David Frankham’s four-part HBO Documentary series, “Witness” has a segment on South Sudan’s Arrow Boys, a voluntary militia. (Veronique de Viguere/HBO)

by Christopher A. Daniel

David Frankham takes pride in good storytelling.

His HBO Documentary Series, Witness, takes a candid look at the conflict photojournalists’ quest to provide first person accounts of various parts of the world plagued by social ills. The four-part series, co-executive produced by director Michael Mann, is the offspring of Frankham’s discontent with news sources and their disconnect from the stories they report. “I’ve been kinda tough on the news lately, but it’s obviously a different format,” he says. “I was feeling very numb about the news summing up very complicated situations into very simplistic black and white, good vs. evil scenarios. You’re watching these newscasters, and most of them have never been to Somalia.”

The Los Angeles native and 12-year veteran of directing commercials made his way to Atlanta for the BronzeLens Film Festival’s “Cinema and Social Justice” screenings. The self-proclaimed news junkie recalls seeing reports on Somali pirates following the birth of his now three-year-old daughter. He questioned the editorial decisions of the investigative reporters. “Why are we not getting the story from these photographers on the ground?” he asks.

The documentarian took matters into his own hands. He self-funded a 15-day trek to Juarez, Mexico with a five-person crew and produced a 30-minute short on the nation’s high-profile drug wars, which was shortlisted by the Academy Awards in 2011. Michael Mann immediately became a champion of Frankham’s vision after seeing the film short. The series (hour-long segments) developed into excursions into Libya and Rio de Janeiro. “[Michael’s] a master and one of my heroes in filmmaking,” Frankham says. “[Michael] challenged us when discussing the photographers, specific conflicts and events. He was constantly reminding us to keep it a character-driven, experiential film and to not try to do too much.”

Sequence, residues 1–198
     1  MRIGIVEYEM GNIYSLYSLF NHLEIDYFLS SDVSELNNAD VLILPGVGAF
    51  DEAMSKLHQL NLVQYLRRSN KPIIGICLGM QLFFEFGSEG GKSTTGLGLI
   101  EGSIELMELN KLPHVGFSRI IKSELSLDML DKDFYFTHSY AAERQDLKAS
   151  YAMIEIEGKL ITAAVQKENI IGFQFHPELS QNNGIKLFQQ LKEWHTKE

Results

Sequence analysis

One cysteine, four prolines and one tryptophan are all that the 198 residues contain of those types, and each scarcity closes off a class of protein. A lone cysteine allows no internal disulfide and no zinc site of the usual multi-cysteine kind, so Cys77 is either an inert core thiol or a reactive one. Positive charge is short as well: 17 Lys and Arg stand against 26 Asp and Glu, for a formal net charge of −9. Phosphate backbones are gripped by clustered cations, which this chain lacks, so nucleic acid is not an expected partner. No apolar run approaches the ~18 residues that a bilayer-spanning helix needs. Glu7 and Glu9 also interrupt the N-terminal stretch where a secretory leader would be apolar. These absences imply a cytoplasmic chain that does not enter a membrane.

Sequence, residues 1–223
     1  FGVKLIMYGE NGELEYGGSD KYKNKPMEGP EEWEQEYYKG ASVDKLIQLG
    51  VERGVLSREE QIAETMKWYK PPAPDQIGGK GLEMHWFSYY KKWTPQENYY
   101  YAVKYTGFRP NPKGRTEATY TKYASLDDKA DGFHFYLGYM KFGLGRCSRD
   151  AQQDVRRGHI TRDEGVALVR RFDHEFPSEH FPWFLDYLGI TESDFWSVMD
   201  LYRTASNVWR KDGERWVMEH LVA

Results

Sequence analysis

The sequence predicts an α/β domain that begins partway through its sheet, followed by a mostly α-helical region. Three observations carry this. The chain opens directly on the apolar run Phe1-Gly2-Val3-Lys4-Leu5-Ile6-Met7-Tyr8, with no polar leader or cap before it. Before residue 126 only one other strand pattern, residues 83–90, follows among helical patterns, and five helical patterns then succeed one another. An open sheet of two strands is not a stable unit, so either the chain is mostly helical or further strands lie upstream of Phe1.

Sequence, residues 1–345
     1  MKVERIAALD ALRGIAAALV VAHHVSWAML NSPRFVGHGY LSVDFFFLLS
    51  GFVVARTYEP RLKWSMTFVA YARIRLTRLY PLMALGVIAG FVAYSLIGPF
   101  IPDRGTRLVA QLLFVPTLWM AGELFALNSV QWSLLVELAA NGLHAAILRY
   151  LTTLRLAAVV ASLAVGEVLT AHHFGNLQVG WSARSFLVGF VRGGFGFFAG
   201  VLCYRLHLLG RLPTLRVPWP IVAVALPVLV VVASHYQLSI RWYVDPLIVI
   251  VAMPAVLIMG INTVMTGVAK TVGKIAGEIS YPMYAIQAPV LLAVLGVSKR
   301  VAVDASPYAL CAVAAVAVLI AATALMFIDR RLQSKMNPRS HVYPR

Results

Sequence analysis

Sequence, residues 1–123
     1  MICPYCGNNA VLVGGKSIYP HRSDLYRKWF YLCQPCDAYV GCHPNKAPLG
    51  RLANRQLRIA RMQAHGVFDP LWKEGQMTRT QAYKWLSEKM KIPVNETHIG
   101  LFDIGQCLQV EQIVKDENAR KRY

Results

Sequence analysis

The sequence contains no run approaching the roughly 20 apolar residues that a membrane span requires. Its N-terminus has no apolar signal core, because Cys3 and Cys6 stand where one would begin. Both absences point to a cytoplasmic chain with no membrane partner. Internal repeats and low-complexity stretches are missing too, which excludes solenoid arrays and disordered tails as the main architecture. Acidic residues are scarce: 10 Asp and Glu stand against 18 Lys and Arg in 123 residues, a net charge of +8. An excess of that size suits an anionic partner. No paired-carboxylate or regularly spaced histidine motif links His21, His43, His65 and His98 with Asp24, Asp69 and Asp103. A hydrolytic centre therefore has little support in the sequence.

The South Sudan installment, airing November 19, follows pregnant French photojournalist Veronique de Viguerie. She accompanies the Arrow Boys, a voluntary militia, in the villages post-Joseph Kony’s Lord’s Resistance Army (LRA) imperialism. She gets to know the natives personally, experience death on-site and hears of their hardships. “It’s very important to understand both sides, to understand what’s going on and to create an immersive experience where all of these films leave you with more questions than answers,” Frankham says. “I can’t give it to you all in 100 hours, but I want to engage on a human level.”

With the internet and downsizing of various news organizations, opportunities for the media to embark on global reports are steadily dwindling. Frankham reflects on the deaths of Tim Hetherington, Oscar-nominated photojournalist and director behind Restrepo, and Chris Hondros, another Pulitzer Prize-nominated photojournalist, during production in Libya. He says their passion and dedication to deliver the stories make Witness a landmark program. “There are a lot of conflicts that need this kind of attention along with people putting themselves in harm’s way,” Frankham says. “There are less and less photographers getting these assignments, and it’s harder to be a conflict photographer. ‘Witness‘ expands the medium.”

Witness is a watershed moment for Frankham’s career, investigative journalism and documentaries. HBO fully endorses his creative and political liberties. He aspires to create a movement. “I hope that we continue to do more of them,” he says. “There are a lot of people interested in conflicts all over the world, and they want a more in-depth conversation.”

Christopher A. Daniel is a pop cultural critic and music editor for The Burton Wire. He is also a contributing writer for Urban Lux Magazine and Blues & Soul Magazine. Follow Christopher @Journalistorian on Twitter.

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